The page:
And Jesus said to Simon, “Do not be afraid; henceforth you will be catching men.” And when they had brought their boats to land, they left everything and followed him. (Luke 5:8-11).

Two stories: one about Gideon, one about Peter. God draws near to them both, and both are overcome with terror. At the instant of their fear, however, the word of the Lord comes: Do not be afraid. And the reassurance is immediately followed by the promise of divine help for the mighty tasks that lie ahead. Luke has modeled his story to be parallel to the epiphanies of YHWH in he Old Testament.

What is it about the appearance of God that causes dread? An influential German pastor of the 19th century, Christoph Blumhardt, wrote:

There is a question that strikes fear into our hearts, and every honest person will feel it with me. It is this: Will I be able to stand before God? Will I be able to stand before the Saviour? Many people who feel quite reassured because they attend church every Sunday and participate in religious activities…would nevertheless be terrified if suddenly they should hear the thunder of the Last Judgment and witness the arrival of our God. They would then come to see their Christian cloak as a filthy garment.[3]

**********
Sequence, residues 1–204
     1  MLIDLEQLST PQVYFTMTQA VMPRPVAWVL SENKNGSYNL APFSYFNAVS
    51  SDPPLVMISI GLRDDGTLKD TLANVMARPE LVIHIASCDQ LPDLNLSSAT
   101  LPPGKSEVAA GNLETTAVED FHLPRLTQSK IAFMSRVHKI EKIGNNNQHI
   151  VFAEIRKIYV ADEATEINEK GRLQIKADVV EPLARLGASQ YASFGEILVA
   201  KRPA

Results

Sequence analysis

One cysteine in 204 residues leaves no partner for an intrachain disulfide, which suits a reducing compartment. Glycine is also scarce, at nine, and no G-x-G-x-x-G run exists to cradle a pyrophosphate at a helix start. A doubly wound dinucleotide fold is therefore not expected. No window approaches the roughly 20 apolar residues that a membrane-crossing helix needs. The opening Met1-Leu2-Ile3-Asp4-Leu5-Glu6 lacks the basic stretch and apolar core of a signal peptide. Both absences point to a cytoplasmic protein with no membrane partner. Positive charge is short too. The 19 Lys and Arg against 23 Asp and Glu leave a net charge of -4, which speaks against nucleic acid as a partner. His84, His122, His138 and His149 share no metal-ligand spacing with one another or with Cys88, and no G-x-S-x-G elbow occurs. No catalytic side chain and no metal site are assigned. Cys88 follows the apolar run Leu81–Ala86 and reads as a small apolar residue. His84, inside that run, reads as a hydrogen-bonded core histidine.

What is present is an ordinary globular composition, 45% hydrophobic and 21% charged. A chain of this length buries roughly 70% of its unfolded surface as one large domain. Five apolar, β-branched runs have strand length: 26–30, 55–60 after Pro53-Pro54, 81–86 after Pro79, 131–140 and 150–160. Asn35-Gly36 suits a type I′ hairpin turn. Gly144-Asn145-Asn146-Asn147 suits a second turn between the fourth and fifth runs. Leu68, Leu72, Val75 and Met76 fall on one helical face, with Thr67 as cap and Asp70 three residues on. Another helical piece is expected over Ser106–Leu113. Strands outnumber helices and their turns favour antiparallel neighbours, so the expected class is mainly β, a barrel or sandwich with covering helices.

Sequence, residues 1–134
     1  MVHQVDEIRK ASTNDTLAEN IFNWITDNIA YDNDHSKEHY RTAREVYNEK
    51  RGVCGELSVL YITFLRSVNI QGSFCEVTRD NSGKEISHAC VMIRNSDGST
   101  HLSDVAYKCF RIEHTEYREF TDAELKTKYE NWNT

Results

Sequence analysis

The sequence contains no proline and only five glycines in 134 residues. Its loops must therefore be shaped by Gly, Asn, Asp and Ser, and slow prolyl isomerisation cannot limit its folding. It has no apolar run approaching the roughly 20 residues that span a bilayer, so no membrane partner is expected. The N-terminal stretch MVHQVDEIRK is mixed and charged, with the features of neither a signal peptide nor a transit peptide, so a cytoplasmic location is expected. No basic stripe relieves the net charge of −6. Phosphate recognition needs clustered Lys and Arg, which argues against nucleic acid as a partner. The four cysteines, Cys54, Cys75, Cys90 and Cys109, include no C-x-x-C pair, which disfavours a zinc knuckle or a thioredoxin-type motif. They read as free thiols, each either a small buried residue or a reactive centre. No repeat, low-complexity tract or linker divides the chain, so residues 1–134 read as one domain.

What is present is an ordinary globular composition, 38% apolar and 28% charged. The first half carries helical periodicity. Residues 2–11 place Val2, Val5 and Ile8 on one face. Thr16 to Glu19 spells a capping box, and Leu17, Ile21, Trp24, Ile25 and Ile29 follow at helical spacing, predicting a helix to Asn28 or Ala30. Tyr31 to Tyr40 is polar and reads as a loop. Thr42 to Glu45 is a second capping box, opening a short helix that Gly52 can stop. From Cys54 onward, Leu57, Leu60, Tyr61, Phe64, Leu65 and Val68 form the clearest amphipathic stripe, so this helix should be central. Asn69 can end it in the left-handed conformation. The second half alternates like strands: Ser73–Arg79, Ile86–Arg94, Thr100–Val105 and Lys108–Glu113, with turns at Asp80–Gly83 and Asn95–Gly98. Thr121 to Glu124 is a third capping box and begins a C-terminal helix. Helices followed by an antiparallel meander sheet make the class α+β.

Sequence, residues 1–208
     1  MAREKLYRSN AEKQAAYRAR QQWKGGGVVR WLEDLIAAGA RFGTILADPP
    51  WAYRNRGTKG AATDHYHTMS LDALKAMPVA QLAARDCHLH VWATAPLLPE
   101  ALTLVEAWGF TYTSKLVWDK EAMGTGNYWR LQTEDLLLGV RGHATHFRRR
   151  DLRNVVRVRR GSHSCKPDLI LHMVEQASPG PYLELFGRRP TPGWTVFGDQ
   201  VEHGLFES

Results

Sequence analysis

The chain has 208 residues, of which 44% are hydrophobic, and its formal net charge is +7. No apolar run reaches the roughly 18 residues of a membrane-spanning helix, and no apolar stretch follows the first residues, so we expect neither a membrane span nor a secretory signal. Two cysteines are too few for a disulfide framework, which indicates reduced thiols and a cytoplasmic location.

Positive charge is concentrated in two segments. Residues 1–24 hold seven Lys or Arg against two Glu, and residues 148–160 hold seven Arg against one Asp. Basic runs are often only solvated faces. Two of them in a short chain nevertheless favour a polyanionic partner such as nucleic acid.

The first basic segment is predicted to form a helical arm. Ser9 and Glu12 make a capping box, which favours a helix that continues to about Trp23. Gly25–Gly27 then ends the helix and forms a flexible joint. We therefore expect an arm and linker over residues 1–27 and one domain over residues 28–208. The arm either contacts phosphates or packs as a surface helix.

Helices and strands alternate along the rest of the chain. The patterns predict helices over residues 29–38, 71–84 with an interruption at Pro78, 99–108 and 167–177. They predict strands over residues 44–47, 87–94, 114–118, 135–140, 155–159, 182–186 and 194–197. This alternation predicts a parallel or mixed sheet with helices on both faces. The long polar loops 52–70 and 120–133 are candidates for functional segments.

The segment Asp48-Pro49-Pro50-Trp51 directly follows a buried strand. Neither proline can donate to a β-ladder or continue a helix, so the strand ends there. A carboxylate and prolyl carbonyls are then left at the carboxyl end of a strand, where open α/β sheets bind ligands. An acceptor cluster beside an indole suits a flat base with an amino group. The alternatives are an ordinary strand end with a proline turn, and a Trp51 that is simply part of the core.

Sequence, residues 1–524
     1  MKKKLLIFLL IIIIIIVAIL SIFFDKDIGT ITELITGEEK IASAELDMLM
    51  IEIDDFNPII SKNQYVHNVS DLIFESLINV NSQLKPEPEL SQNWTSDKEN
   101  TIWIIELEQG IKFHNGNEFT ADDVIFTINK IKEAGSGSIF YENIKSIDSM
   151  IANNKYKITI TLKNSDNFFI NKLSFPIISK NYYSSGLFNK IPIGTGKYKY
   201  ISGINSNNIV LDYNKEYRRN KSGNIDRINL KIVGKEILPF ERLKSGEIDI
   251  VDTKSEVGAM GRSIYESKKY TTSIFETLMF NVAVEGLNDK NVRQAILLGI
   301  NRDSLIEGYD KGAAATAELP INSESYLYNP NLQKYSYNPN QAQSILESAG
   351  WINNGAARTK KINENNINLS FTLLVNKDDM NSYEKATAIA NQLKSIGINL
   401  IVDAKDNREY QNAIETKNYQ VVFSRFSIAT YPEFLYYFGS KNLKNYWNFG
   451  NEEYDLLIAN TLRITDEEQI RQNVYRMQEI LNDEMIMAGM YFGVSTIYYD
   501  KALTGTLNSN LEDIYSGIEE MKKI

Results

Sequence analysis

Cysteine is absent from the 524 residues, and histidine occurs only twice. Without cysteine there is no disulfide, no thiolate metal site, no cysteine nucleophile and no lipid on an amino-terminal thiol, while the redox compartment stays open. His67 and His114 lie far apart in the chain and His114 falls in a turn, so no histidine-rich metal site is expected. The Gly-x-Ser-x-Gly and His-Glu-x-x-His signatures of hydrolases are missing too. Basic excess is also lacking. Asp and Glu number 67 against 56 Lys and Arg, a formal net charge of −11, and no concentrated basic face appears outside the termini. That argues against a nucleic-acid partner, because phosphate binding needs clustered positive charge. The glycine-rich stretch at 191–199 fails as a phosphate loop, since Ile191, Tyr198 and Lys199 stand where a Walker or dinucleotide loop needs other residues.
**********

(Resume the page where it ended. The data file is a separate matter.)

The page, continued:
This last sentence is a reference to Isaiah 64:6: “All our righteous deeds are like filthy rags.” There is a fundamental sense in which we need to understand that the God who is really God is opposed to us. Over against our littleness is his greatness, over against our impurity is his perfection, over against our sin is his righteousness. This is the reason that God must say to us, “Do not be afraid.” If we have never known this, then we must submit to J. B. Phillips who taught us, “Your God is too small.”[4]